Experts also uncovered a second critical vulnerability (CVE-2021-45046) that affects all versions of Log4j from 2.0-beta9 through 2.12.1 and 2.13.0 through 2.15.0 and could allow attackers with control over Thread Context Map (MDC) input data when the logging configuration uses a non-default Pattern Layout with either a Context Lookup or a Thread Context Map pattern to craft malicious input data using a JNDI Lookup pattern, resulting in a DDoS attack. However, CVE-2021-45046 can be mitigated by applying the patch released by the Apache Software Foundation (ASF) in its latest advisory.
Federal agencies and security personnel across the globe are working on several mitigation measures to fix this flaw and identify any associated threat activity.
CISA has urged all organizations and security admins to upgrade their systems to log4j version 2.15.0 or apply their appropriate vendor-recommended mitigations immediately to prevent any risks. “To be clear, this vulnerability poses a severe risk. We will only minimize potential impacts through collaborative efforts between the government and the private sector. We urge all organizations to join us in this essential effort and take action,” CISA said.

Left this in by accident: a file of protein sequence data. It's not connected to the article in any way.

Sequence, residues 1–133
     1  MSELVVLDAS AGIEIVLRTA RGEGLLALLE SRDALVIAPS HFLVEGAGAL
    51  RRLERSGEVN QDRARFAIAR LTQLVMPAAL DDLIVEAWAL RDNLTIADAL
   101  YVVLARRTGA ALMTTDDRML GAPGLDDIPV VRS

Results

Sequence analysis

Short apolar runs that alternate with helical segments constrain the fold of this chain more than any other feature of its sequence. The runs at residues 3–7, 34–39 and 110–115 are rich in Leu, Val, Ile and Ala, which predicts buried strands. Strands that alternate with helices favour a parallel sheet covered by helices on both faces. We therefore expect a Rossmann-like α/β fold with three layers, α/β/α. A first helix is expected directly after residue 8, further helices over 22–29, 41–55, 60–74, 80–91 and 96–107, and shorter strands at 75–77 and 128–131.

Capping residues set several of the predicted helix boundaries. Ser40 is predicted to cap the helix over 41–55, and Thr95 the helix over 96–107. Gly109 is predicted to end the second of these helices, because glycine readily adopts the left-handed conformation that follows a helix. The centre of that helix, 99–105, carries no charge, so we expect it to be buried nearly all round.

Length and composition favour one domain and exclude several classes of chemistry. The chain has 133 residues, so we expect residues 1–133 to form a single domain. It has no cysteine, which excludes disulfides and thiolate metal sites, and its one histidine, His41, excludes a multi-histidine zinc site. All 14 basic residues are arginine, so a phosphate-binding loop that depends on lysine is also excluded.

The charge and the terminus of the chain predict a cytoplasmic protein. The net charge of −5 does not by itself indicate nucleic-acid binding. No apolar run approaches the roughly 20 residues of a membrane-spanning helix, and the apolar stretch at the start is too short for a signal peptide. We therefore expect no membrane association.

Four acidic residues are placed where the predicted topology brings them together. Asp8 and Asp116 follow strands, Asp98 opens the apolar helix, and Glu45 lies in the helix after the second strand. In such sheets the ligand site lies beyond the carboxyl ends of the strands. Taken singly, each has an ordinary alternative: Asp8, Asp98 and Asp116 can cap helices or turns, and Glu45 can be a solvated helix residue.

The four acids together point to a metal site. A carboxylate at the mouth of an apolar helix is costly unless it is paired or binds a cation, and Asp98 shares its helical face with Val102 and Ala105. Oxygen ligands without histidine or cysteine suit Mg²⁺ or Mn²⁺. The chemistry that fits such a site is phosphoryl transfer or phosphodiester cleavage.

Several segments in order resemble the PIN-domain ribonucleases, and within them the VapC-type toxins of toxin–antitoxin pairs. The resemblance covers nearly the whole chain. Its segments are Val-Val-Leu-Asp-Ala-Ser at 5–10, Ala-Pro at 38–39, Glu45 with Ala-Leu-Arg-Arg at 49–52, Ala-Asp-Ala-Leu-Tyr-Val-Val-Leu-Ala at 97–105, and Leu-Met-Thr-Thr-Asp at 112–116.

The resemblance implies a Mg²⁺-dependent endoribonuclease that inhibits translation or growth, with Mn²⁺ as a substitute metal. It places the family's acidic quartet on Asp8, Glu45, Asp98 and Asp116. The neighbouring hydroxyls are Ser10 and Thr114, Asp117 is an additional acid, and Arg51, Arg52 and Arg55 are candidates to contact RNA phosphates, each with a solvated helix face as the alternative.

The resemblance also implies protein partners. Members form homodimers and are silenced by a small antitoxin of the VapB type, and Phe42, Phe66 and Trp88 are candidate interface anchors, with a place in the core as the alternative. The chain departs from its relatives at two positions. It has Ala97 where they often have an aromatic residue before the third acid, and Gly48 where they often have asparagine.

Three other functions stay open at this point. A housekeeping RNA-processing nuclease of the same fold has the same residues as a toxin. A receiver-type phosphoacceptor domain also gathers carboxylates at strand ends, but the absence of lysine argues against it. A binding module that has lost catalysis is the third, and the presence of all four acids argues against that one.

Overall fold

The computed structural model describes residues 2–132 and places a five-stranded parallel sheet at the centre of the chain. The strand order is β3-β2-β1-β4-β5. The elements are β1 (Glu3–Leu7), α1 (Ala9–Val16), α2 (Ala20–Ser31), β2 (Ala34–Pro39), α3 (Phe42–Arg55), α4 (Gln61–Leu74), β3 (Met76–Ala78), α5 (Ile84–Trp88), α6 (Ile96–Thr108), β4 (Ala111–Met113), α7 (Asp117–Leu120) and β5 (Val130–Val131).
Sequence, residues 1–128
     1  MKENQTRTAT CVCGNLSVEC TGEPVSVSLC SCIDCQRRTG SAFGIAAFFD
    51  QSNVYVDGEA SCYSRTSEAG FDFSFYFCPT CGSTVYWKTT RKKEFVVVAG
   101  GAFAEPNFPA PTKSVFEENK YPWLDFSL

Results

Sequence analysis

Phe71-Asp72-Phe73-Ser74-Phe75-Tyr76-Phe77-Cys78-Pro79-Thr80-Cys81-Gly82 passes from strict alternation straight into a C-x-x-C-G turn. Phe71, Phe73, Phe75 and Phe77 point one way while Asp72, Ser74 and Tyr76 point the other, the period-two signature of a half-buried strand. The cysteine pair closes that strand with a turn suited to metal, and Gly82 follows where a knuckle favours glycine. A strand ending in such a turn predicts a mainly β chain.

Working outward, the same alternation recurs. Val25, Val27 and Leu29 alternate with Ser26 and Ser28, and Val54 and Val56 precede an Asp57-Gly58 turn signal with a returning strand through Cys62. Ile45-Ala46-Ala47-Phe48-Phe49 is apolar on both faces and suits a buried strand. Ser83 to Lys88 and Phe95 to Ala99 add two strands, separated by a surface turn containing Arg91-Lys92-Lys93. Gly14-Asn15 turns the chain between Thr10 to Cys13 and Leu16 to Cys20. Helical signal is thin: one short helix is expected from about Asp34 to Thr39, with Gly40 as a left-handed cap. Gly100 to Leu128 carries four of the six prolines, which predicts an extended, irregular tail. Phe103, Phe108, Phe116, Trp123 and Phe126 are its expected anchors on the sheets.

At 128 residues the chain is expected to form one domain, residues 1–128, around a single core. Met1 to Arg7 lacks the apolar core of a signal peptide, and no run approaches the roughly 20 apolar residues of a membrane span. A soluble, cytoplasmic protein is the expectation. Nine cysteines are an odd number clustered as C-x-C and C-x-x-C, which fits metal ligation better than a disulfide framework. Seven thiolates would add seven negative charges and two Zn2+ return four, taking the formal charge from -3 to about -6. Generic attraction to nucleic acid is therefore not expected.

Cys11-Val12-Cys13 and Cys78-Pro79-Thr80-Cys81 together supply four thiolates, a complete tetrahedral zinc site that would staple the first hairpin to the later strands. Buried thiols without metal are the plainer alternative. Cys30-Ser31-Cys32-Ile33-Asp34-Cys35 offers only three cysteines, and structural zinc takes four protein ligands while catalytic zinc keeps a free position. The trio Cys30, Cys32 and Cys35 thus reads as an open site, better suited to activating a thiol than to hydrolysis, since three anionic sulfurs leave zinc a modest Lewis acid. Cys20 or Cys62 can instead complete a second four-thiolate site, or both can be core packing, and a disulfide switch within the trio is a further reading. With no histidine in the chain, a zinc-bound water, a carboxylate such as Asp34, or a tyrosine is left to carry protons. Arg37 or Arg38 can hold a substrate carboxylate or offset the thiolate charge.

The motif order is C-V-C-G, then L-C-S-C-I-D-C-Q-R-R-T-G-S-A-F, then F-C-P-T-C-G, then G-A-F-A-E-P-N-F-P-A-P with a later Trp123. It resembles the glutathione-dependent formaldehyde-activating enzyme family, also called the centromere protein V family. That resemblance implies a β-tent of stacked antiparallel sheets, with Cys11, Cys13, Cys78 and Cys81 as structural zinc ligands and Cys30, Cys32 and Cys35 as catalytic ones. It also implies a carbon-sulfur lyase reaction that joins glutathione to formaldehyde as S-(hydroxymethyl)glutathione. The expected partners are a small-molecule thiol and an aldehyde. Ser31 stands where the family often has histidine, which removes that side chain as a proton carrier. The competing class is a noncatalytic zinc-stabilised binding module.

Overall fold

CISA recommends asset owners take three immediate steps to mitigate the risks from this vulnerability, which include:
- Enumerating any external-facing devices that have log4j installed
- Ensuring your security operations center is actioning every single alert on the devices that fall into the category above
- Installing a web application firewall (WAF) with rules that automatically update so your SOC can concentrate on fewer alerts
For more information, visit Apache Log4j Vulnerability Guidance.
2. Apache Log4j
The Apache Log4j team has issued patches and suggested mitigation steps to address the Log4j security flaw.
- Log4j 1.x mitigation: Log4j 1.x is not impacted by this vulnerability.
- Log4j 2.x mitigation: Implement one of the mitigation techniques.
- Java 8 (or later) users should upgrade to release 2.16.0.
- Users requiring Java 7 should upgrade to release 2.12.2 when it becomes available (work in progress, expected to be available soon).
- Otherwise, Apache recommends removing the JndiLookup class from the classpath: zip -q -d log4j-core-*.jar org/apache/logging/log4j/core/lookup/JndiLookup.class
Note that only the log4j-core JAR file is impacted by this vulnerability. Applications using only the log4j-api JAR file without the log4j-core JAR file are not impacted by this vulnerability.
3. Cisco Talos
Cisco Talos in its advisory recommends disabling the JNDI feature.
“For the largest segment of users, JNDI represents an unnecessary risk, so we suggest disabling this feature so that this threat surface is unavailable. Therefore, we recommend upgrading to Log4j 2.16.0—the latest version—which disables JNDI by default,” said Talos.